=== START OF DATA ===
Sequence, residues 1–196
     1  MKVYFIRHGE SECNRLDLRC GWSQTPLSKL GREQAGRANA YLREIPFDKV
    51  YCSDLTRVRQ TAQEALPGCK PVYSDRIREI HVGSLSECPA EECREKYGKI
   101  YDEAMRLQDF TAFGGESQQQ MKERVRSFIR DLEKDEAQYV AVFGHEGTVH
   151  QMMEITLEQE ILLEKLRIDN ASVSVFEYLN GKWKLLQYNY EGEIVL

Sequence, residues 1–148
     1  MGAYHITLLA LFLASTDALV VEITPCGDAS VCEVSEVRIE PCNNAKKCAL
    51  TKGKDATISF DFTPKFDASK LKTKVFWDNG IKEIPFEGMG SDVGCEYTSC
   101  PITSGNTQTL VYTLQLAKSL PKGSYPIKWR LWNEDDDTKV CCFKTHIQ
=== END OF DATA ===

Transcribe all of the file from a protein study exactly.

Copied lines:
Sequence, residues 1–196
     1  MKVYFIRHGE SECNRLDLRC GWSQTPLSKL GREQAGRANA YLREIPFDKV
    51  YCSDLTRVRQ TAQEALPGCK PVYSDRIREI HVGSLSECPA EECREKYGKI
   101  YDEAMRLQDF TAFGGESQQQ MKERVRSFIR DLEKDEAQYV AVFGHEGTVH
   151  QMMEITLEQE ILLEKLRIDN ASVSVFEYLN GKWKLLQYNY EGEIVL

Sequence, residues 1–148
     1  MGAYHITLLA LFLASTDALV VEITPCGDAS VCEVSEVRIE PCNNAKKCAL
    51  TKGKDATISF DFTPKFDASK LKTKVFWDNG IKEIPFEGMG SDVGCEYTSC
   101  PITSGNTQTL VYTLQLAKSL PKGSYPIKWR LWNEDDDTKV CCFKTHIQ